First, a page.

Published on August 8, 2007
But to be fair with all you fans craving for what my repaired crystal ball now sees, let me remind you that the last time I bombed on the party dissolution rulings, and inexplicably failed to predict that Thaksin Shinawatra would become Manchester's favourite son.
I have come to realise that conservative predictions no longer suit the Thai political script, which seems to be the work of rogue teenagers high on marijuana and taking turns at the keyboard. Therefore, if you think that I'm drunk this time, the answer is no.
Will the constitution draft pass the referendum?
You bet. Not because it's good, but because it has to, just like when Thaksin needed to win more than 11 million votes in the wake of the Temasek infamy last year.
Not only do both cases involve high stakes, sadly some methods and tactics to achieve the desired goal may also be the same this time round.
Turnout will be low, though, with 60 per cent a cause for celebration. And whereas the junta must prefer a convincing public approval of the draft, it will be in fact a narrow passage, like last year's nullified election results in reverse.
By the way, I know you haven't read it. Please go and do your homework after finishing this article.
Could Samak Sundaravej be the next freedom fighter?
Why not? He has all it takes - a fearless mouth and enough charisma to ensure that if something were to happen to him, his plight would go international.
Without these qualities you can still become one of Thailand's best-known restaurant critics. I met one such critic the other day and he couldn't thank Samak enough. He said that when the potential leader of the People Power Party, the new haven of former Thai Rak Thai MPs, was interior minister in the wake of the Thammasat bloodbath, authorities launched a crackdown on journalists and writers - himself included - critical of the then military-backed government's rule.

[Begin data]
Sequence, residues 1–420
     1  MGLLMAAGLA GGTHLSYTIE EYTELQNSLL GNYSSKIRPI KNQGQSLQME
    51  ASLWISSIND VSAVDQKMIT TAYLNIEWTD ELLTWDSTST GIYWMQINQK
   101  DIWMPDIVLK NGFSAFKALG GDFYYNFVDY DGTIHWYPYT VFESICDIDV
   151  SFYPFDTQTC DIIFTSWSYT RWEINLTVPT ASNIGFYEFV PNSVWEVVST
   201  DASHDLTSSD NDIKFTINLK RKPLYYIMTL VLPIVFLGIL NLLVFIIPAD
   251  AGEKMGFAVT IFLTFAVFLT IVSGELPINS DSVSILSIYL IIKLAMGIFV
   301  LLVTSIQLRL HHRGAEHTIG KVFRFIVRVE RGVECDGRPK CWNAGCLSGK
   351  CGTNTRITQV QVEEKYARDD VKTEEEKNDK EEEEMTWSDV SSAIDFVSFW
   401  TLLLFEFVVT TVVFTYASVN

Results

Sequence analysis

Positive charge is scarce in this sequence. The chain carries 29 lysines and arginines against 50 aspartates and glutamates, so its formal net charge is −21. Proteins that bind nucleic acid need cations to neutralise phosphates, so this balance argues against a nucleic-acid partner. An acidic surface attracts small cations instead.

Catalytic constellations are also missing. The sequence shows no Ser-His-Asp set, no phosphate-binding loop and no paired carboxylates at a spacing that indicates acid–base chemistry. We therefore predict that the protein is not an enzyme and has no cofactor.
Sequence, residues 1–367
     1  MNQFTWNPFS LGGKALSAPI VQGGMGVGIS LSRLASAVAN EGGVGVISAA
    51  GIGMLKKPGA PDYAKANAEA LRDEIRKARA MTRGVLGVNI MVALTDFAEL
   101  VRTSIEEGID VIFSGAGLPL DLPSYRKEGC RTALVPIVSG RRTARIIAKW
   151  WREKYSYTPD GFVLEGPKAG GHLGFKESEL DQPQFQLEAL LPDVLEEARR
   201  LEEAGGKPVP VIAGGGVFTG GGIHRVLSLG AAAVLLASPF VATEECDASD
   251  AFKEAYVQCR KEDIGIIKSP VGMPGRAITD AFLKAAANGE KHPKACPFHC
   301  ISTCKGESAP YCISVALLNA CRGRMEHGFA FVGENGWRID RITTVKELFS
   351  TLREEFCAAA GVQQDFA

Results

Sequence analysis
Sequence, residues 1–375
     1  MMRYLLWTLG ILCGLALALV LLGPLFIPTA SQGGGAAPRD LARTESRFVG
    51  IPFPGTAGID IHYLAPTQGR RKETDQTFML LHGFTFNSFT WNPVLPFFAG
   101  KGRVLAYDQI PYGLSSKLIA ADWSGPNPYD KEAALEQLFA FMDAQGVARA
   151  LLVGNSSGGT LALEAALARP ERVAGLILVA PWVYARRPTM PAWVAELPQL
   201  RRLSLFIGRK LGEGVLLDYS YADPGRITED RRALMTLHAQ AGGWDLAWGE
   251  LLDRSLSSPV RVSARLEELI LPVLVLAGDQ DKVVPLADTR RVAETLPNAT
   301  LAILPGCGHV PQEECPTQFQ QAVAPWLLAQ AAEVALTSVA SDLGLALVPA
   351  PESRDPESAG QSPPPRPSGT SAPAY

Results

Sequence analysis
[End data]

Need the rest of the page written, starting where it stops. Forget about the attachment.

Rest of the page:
He was told to stop writing, plain and simple, but after he agreed to write just about food, they allowed him to continue and he went on to thrive in his new field.
The People Power Party needs a charismatic leader badly and seems to be pinning lots of hope on Samak. I'm convinced he will take the job, and once he does there will be so much fun.
Will General Sonthi Boonyaratglin get sucked into the "blackhole"?
Ninety per cent of my colleagues have concluded that there's no stopping him, but I beg to differ. Out of sheer blind faith in the sanity of mankind if you will, I foresee him changing his mind at the last second, coming to the realisation that by entering politics now he would betray everything, himself included.
How many games before City fans tell Frank to go his own way?
Manchester City supporters have made Amnesty International and Human Rights Watch sound like a referee who awards a penalty to an away team. (Please check out video clips and photos on how he charmed - no, "intoxicated" - the blue half of Manchester on one of our webblogs.) But hey, populism is only possible when you use somebody else's, preferably the state's, money.
The team has relatively tough early fixtures. They play West Ham away on the opening day, followed by an easy home game against Derby County, and have to host champions Manchester United and travel to London to play Arsenal. This is a very tricky start, failing which more mini concerts and imported Thai food may be required.
I predict the club will flirt with relegation by its 10th game, at which point the honeymoon ends, and coach Sven-Goran Eriksson will leave next year because he will be unable to bear Thaksin's interference in team selection.
The big game against Manchester United will be played on referendum day, August 19, and broadcast live to Thailand on cable TV. The best bet is on General Sonthi and interim Prime Minister Surayud Chulanont wearing Man U scarves in front of ballot boxes on that day.
Will he sell the club?
I have never been so sure in my life. I know the whole script is so crazy that some of you must be imagining Manchester City winning the Champions League next season, prompting Thai democrats to pull all their resources to buy another Premier League team, but trust me on this. He will do it, his way, and that's for sure.